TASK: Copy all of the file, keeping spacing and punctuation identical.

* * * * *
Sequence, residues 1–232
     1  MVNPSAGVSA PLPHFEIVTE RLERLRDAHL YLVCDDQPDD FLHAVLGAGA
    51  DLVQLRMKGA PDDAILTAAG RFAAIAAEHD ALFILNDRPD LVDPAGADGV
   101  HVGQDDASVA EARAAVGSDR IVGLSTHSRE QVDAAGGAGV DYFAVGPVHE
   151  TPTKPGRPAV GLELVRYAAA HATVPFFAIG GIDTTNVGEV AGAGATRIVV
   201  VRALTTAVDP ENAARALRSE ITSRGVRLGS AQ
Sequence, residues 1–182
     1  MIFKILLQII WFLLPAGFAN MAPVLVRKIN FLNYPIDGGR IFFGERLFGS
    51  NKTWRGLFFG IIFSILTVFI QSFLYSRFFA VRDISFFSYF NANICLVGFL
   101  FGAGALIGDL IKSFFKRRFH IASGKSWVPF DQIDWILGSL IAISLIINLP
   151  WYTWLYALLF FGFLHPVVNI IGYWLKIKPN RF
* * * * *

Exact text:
Sequence, residues 1–232
     1  MVNPSAGVSA PLPHFEIVTE RLERLRDAHL YLVCDDQPDD FLHAVLGAGA
    51  DLVQLRMKGA PDDAILTAAG RFAAIAAEHD ALFILNDRPD LVDPAGADGV
   101  HVGQDDASVA EARAAVGSDR IVGLSTHSRE QVDAAGGAGV DYFAVGPVHE
   151  TPTKPGRPAV GLELVRYAAA HATVPFFAIG GIDTTNVGEV AGAGATRIVV
   201  VRALTTAVDP ENAARALRSE ITSRGVRLGS AQ
Sequence, residues 1–182
     1  MIFKILLQII WFLLPAGFAN MAPVLVRKIN FLNYPIDGGR IFFGERLFGS
    51  NKTWRGLFFG IIFSILTVFI QSFLYSRFFA VRDISFFSYF NANICLVGFL
   101  FGAGALIGDL IKSFFKRRFH IASGKSWVPF DQIDWILGSL IAISLIINLP
   151  WYTWLYALLF FGFLHPVVNI IGYWLKIKPN RF